Return to school is going to come with a huge challenge - Jonathan Wood

In a piece originally published in The Scotsman, Jonathan Wood, Head of Service for Scotland East, writes about the impact that lockdown could have on the mental health and wellbeing of pupils and school staff.

Mother and child

As lockdown in its various iterations is relaxed and schools prepare for the new school year, parents, children, teaching staff, the networks of professionals and concerned others who are all involved with the mental health and wellbeing of children and young people are attempting to assess what is necessary for a safe and supportive return.

Many commentators are predicting that the fall-out from lockdown, for our youngest and most vulnerable, could be catastrophic. The Economist (July 2020) cites the World Bank which estimates that five months of school closures could cut the future earnings of affected children worldwide by $10 trillion.

Children who miss school learn less and lose the learning habit. Economically disadvantaged children have less access to online resources but education is known to be a clear route out of poverty. Families already struggling, lacking the support and structure of a school day, term or year, turn in on themselves, often with dire results.

It is also true that there are children who have thrived during lockdown. Some children do not flourish in large classrooms or large playgrounds. They find them overwhelming and struggle for individualised attention to meet their needs.

Whereas at home, with engaged and present parents, in a familiar environment, we have heard stories of growth in learning, improvements in behaviour and enhanced family relationships.

What is guaranteed is that the return to school for all children is going to come with huge challenges. Those whose time away has been traumatic will need a particular kind of attention – time to be listened to and have their stories heard – a proper therapeutic space in the school day.

Those who have lost the habit of learning, who may have lost their ability to concentrate will need a heightened sense of understanding and tolerance from teaching staff. And for those children who never really liked school in the first place, preferring their lockdown time at home, this return brings its own kind of trauma.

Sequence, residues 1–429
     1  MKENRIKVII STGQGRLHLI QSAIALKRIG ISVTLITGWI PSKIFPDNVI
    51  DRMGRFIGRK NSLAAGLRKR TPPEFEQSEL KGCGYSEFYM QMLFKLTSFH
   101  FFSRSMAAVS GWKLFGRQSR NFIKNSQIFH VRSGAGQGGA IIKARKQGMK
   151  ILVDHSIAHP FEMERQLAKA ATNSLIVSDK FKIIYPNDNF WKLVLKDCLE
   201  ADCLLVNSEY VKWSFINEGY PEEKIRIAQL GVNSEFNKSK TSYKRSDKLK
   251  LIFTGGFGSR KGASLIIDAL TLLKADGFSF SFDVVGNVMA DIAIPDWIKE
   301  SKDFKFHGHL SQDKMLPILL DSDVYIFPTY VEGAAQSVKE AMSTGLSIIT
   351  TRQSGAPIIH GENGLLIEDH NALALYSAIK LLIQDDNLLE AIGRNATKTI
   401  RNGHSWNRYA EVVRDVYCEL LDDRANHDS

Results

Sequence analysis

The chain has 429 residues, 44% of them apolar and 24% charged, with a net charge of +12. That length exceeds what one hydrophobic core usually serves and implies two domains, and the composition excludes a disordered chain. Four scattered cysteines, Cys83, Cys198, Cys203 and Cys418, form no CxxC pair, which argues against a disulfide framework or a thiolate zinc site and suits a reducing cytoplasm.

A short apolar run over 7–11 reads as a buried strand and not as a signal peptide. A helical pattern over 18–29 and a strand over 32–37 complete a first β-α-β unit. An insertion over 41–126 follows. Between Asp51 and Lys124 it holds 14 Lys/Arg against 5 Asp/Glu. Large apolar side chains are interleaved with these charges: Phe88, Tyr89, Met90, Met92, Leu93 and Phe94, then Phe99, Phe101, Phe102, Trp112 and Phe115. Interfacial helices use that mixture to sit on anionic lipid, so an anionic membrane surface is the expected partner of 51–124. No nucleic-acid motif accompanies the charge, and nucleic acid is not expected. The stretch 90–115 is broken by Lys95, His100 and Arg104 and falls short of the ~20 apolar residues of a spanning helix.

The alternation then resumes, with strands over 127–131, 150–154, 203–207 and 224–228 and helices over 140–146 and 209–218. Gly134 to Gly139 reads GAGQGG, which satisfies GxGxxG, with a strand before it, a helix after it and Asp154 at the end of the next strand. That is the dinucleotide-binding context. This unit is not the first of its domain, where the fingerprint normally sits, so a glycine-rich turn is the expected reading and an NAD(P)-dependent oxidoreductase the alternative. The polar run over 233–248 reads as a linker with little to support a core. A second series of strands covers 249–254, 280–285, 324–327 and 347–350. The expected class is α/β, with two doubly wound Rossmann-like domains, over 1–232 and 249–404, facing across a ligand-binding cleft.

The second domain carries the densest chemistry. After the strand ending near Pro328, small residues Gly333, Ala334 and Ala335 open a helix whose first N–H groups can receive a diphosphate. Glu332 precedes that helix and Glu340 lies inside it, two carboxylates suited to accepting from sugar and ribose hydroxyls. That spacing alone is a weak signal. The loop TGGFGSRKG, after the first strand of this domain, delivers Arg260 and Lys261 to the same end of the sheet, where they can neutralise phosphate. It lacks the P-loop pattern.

This is before we even get to counting the cost of Covid-19 on some of the families. No-one is immune from this aspect of the lockdown. What level of personal trauma or loss may teaching staff already be carrying when they return? All these aspects need to be considered as a whole.

We have heard some head teachers say that the academic aspects of the curriculum will be secondary when their schools return in August. The priority will be mental health and wellbeing. And this must surely include their own mental health and that of their staff.

A place of support for teaching staff – a reflective, supportive space that helps them not to overlay personal trauma with the impact of what the children bring in – seems essential in this matter. Trauma also acts like a virus. It spreads, if unchecked.

This return provides a challenge, but also an important opportunity. Much has been spoken about a trauma-informed approach in schools, understanding behaviours and difficulties in learning in relation to early negative experiences, and how that understanding might begin to re-shape teaching practice.

At this time, we have all – to some extent – been traumatised: by loss of loved ones, of jobs, of freedom of movement, of contact with friends, by fear, by illness. Reflecting on this experience – learning from it – is surely the principle behind being ‘trauma-informed’.

As a charity providing mental health services, Place2Be has offered support to parents and children and school staff throughout this lockdown. Much of this has been at a distance – on Zoom, on the telephone, on social media – and one of the biggest learnings for us is that there is a lot that can be done to mitigate isolation and lack of support during such a lockdown.

But we also recognise that perhaps the bigger challenge is just weeks away, and the larger part of that will be in ensuring that front-line staff – those who run the schools and teach our children – are not left alone to deal with what will inevitably be an outpouring – of grief, and maybe also of relief, when the return to school happens.

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